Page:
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Legal Counsel for Distilleries

  • Getting Started
  • Applying for a Distillery Permit
  • Distilled Spirits Labeling
  • Distilled Spirits Trademarks

Getting Started with a Distillery

 

Distilling is different from other industries in some ways, especially when it comes to regulation. But distilleries are just like most other businesses in that their owners almost always should set up business entities to protect themselves from potential legal liability. A “business entity” for our purposes is a company with its own independent legal identity, such as a corporation or limited liability company (LLC).

Getting Started with a Distillery

Applying for a Distillery Permit

 

You need a distilled spirits plant permit (DSP) to start a new distillery. DSP permits are issued and regulated by the Alcohol and Tobacco Tax and Trade Bureau (TTB), which is a branch of the Treasury Department. The TTB has tried to create a straightforward online DSP permit application. However, complex federal rules that apply to this process can make applying for a DSP permit much more difficult than it may appear at first glance, even through the online system.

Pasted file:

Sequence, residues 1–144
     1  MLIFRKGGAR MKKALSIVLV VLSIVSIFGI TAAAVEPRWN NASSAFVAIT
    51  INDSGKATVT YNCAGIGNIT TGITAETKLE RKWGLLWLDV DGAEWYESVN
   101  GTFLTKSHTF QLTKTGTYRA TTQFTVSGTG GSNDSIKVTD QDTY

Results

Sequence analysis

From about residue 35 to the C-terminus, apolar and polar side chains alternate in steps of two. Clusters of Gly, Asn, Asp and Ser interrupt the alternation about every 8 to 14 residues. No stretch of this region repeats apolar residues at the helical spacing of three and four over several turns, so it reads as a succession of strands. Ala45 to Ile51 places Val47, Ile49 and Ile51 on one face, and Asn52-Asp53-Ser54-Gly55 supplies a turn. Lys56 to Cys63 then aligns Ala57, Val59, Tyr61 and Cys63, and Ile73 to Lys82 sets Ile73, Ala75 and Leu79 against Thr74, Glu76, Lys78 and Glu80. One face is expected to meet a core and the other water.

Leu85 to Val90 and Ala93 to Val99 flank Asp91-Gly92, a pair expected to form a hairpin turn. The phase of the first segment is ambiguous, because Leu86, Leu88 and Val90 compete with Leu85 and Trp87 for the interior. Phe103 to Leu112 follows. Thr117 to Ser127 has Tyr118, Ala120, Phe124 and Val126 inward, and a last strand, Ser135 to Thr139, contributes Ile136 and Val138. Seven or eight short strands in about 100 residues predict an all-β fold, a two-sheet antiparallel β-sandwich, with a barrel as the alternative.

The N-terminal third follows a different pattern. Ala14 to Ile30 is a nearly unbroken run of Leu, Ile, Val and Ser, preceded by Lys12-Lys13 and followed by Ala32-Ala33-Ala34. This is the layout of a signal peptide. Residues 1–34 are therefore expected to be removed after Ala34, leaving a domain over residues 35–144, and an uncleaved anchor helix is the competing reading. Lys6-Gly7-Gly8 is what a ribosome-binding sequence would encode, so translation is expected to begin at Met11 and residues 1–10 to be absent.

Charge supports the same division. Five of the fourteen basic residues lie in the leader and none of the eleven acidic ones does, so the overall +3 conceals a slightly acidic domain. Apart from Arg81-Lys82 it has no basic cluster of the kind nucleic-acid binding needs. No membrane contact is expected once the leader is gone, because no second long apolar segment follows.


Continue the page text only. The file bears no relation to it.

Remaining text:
Applying for a Distillery Permit

Distilled Spirits Labeling

 

Each distilled-spirits container must be labeled with a government-approved label before it can be sold. The TTB is the government agency responsible for reviewing and approving alcohol beverage labels. In most cases, you must obtain a Certificate of Label Approval (“COLA”) from the TTB before putting the product on the market. You can usually file a COLA application as soon as you receive a DSP operating permit. You must submit a sample label with that application. In some cases, you must submit your product formula for TTB evaluation before filing a COLA application.

Distilled Spirits Labeling

Winery Trademarks

 

The name of every alcoholic-beverage manufacturer, every product line, and every drink, is a potential trademark. The logos, slogans, and graphics on your labels or packaging are potential trademarks too. If your chosen trademarks don’t comply with the law, or they are too similar to someone else’s, you might not be able to use them. It’s best to find out whether you can use and protect your trademarks as early as possible so that you can make changes before you have accumulated customer goodwill and marketing costs. This is especially true in an increasingly crowded alcoholic-beverage industry, where trademark disputes are very difficult to avoid without careful planning.

Distilled Spirits Trademarks

CONTACT US

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Phone Number:

p: 208-401-9219
f: 208-401-9218

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Mon-Fri: 9AM-5PM MT